The smell of rheumatoid cream hangs in the airand there are many delays due to weak bladders and faulty Asthma inhalers. The Brexit negotiations are still being broadcast over the loud speakers (with Theresa May’s great granddaughter taking the lead), they set off at the rapid pace of 15 miles per hour preceded by the advertising caravan and followed by a number of opportunistic hearses looking for business, tape measures at the ready. The first prime was won by the Dutch team who had exemptions for medicinal Cannabis, Morphine and super steroids, they crested the summit effortlessly closely followed by the Japanese team whose heart pacemakers were revving at 190bpm and causing interference on the team radios.
At the summit the French team were disqualified when one of their team sweating profusely melted his makeup and revealed that he was really only 85. The Polish team were moving as one well-honed machine, perfectly in line and slip streaming each other only inches apart and were soon leading the bunch. The commissar driving alongside became suspicious when a spanner flew out of the mechanics hand and stuck to the frame of one of the riders, it was suspected that they had super magnets inside their frames which attracted the hip and knee replacements of the rider in front giving an unfair advantage, however a mobile crane travelling in the opposite direction caused the whole team to veer across the road towards it. It took hours to disentangle the frames for which burning equipment had to be used.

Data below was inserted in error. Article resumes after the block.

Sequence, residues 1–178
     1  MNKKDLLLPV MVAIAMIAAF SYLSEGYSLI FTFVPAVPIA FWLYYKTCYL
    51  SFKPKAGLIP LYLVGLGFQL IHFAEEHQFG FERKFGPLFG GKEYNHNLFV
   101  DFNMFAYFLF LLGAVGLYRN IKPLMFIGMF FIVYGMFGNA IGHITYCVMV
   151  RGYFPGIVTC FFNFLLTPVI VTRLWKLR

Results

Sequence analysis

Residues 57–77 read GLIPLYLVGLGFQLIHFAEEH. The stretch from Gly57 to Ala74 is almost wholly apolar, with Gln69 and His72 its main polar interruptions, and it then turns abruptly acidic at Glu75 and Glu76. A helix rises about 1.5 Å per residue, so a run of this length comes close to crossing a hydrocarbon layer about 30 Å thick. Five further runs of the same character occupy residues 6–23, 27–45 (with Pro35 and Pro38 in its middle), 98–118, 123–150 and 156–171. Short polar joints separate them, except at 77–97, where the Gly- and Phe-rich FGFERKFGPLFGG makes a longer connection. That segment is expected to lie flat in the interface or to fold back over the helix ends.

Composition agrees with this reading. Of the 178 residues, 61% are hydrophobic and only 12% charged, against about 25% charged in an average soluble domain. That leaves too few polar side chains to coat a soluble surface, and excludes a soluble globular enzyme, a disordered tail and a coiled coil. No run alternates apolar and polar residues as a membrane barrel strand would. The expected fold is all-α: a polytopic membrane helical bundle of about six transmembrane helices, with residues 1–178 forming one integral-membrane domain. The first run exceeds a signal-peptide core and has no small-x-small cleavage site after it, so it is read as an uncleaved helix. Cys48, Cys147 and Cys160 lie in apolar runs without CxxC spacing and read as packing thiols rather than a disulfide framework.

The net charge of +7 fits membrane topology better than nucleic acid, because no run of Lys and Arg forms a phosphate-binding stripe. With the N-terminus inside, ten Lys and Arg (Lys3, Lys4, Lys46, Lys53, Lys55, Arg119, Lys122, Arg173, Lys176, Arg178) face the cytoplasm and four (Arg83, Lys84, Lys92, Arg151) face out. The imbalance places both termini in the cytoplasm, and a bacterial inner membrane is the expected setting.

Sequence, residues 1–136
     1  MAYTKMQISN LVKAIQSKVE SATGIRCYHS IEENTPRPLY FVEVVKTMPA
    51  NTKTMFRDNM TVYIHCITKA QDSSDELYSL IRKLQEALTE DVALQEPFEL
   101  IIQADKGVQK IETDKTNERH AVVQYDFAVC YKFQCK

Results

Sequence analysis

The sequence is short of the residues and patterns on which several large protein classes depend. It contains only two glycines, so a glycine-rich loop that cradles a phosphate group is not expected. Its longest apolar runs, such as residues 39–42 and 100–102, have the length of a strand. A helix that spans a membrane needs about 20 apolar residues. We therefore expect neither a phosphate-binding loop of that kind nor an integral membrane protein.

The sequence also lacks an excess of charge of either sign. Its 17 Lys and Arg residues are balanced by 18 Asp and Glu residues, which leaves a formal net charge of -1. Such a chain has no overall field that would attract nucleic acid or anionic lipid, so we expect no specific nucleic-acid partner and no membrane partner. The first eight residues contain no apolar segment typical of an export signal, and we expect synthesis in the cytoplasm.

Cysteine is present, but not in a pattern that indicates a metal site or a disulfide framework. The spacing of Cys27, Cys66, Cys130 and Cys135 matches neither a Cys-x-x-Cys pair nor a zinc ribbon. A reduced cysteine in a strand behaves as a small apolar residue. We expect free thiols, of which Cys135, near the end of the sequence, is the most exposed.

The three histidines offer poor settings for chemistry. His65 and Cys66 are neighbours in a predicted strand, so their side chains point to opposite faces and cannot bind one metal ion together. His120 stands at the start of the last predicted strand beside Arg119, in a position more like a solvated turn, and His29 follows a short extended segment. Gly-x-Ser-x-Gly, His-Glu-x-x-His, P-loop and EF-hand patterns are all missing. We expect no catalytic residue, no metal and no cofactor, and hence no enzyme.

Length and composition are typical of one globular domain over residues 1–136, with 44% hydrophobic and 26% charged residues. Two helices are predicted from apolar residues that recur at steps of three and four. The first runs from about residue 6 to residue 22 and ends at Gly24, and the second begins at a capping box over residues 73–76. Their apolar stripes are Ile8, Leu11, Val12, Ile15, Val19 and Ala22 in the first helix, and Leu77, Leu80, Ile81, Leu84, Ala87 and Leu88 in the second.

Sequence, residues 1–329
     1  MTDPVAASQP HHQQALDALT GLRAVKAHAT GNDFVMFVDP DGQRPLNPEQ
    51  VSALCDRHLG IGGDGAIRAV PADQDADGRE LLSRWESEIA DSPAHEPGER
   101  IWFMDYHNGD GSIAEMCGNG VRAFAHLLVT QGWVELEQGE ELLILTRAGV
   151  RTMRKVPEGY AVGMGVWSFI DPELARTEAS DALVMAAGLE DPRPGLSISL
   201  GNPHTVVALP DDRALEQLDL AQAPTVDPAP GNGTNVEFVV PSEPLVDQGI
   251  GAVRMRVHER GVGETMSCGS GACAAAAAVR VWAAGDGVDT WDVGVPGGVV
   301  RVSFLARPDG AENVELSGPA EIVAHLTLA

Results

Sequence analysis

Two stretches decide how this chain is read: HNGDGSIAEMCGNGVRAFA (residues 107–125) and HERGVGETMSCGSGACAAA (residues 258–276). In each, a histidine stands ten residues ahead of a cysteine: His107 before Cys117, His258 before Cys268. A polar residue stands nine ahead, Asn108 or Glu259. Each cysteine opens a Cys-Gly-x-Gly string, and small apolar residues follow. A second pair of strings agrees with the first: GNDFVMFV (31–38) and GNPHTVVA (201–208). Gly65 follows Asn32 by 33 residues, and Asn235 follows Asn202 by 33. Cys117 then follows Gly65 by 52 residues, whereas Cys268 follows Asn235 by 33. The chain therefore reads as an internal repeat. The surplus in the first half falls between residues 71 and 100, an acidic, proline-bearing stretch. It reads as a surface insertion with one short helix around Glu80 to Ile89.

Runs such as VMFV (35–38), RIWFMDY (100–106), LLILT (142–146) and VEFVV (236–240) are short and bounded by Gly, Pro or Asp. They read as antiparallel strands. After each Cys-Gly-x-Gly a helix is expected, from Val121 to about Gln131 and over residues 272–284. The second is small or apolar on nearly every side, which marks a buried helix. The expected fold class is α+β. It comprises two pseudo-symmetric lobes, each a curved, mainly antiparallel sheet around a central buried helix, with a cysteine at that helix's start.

After 60 miles the Dutch team were so high they were sitting on the grass verge smoking happy baccie with silly smiles on their faces and waving as the riders passed. The British team took the lead on the last climb of the day and crossed the line as winners only for a complaint to the stewards from the second placed Danish team about their excessive farting during the sprint which caused other teams to drop back. An enquiry was held while the whole GB team rushed to the toilets during which medical evidence was produced of incontinence by the team doctor, the British team were given the stage but with the condition that air fresheners were sewn inside their skin suits for the rest of the race.
FOOTNOTE: The Brexit negotiations are still not concluded, Michel Barnier’s body can be seen embalmed in the Louvre with two fingers raised and a smug smile on his face. The statue of Jean-Claude Juncker stands beside him at a slight angle looking at though it will fall over and holding a bottle of vino.